Well, a story goes with this because, when a boat was destroyed, it had a number assigned by the chief of naval operations, and when it was destroyed that number was stricken from the record once, and now you're bringing it back. I decided I would not go through that bunch of paper work, so as far as the CNO was concerned PBR-130 was stricken from the record, but it actually existed. We were just going to have an extra boat and let it go at that.

The next big milestone, you might say, was when Admiral Zumwalt on September 30th assumed command of the 38,000 navy and coast guard people in Vietnam.

Etta Belle Kitchen:  Was that in '68?From left: VADM Zumwalt, General Abrams, CDR Bunker, ADM McCain, and RADM Veth

Rear Admiral Price: Yes, '68, when he relieved Admiral Veth.

Prior to this change of command, I was approached by the staff in Saigon with:

"Can you bring one of your LSTs up the river to Saigon?"

My answer to that was:

"I can, but I don't know why I should," because it would mean I had to take it off station.

Then, I figured, well, maybe we'll be able to conduct this - we had four LSTs and we always kept one in reserve and upkeep up in Yokosuka - so on one of these transfers we used the Garrett County and brought it up to Saigon for a two-day period. It was during this period, on 30 September, Admiral Zumwalt was able to assume command of Naval Forces, Vietnam.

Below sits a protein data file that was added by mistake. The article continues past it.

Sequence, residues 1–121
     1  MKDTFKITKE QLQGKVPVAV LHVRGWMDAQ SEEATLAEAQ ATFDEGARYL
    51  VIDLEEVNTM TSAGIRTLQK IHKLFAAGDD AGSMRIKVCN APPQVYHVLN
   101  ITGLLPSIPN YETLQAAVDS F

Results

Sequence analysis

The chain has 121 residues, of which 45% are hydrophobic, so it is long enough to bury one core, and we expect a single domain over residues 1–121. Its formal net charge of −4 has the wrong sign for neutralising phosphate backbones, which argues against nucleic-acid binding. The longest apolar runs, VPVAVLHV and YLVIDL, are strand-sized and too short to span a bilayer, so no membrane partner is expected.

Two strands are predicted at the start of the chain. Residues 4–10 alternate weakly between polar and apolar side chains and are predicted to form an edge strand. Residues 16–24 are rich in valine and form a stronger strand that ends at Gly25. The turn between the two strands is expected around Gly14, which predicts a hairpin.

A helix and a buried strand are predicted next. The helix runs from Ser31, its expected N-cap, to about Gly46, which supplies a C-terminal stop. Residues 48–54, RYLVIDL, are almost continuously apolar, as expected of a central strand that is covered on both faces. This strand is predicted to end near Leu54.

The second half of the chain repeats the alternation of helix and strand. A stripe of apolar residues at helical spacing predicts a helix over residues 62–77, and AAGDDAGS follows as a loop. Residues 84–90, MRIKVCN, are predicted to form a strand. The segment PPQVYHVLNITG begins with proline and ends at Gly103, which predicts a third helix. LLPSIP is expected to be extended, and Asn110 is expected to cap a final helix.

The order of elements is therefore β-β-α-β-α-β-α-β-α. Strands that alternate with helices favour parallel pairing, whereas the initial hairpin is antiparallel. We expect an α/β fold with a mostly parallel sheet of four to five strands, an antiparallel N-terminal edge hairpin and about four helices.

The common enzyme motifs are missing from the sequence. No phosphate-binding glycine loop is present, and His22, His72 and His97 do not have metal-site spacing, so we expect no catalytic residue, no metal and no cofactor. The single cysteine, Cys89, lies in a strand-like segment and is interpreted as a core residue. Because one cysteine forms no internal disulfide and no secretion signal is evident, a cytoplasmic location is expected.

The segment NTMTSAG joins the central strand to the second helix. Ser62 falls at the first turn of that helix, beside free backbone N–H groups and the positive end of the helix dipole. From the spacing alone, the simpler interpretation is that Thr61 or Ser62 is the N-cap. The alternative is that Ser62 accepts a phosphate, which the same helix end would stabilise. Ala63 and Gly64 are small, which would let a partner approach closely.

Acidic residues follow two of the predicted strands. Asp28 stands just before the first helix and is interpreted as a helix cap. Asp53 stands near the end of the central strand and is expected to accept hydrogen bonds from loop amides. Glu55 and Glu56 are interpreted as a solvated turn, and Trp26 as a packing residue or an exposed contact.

Etta Belle Kitchen:  Was that part of the ceremony?

Rear Admiral Price: Part of the ceremony, that's right.

During the fall of 1968 there were certain changes in the employment of our in-country naval assets that seemed both possible and desirable. Before, the basic pattern had been one of rather well-defined and separate operations in the three major task forces. Task Force 115, which was the coastal surveillance force, conducted Market Time patrols off the coast of Vietnam, trying to prevent infiltration from the sea. Task Force 116, which I commanded, the river patrol force, ran the Game Warden Operation and enforced established curfews and regula­tions on the rivers. Finally, Task Force 117, the mobile riverine force, conducted very successful search-and-destroy missions in support of the army's 9th Infantry Division. While these units and various task forces did occasionally combine for joint operations, what was envisioned now, in the early fall of 1968, was a new task organization, which would regularly employ assets of all three of these major task forces in pursuit of the common operation and objectives.

These objectives were (1) the interdiction of the Viet Cong infiltration routes crossing the border from Cambodia into the III and IV Corps tactical zones, (2) the opening and pacification of certain vital transdelta inland waterways, and (3) the penetration of rivers in the enemy-held Cau Mau Peninsula in preparation for the reestablishment of a government presence there. The Cau Mau Peninsula is the lower tip of the delta area on the South China Sea.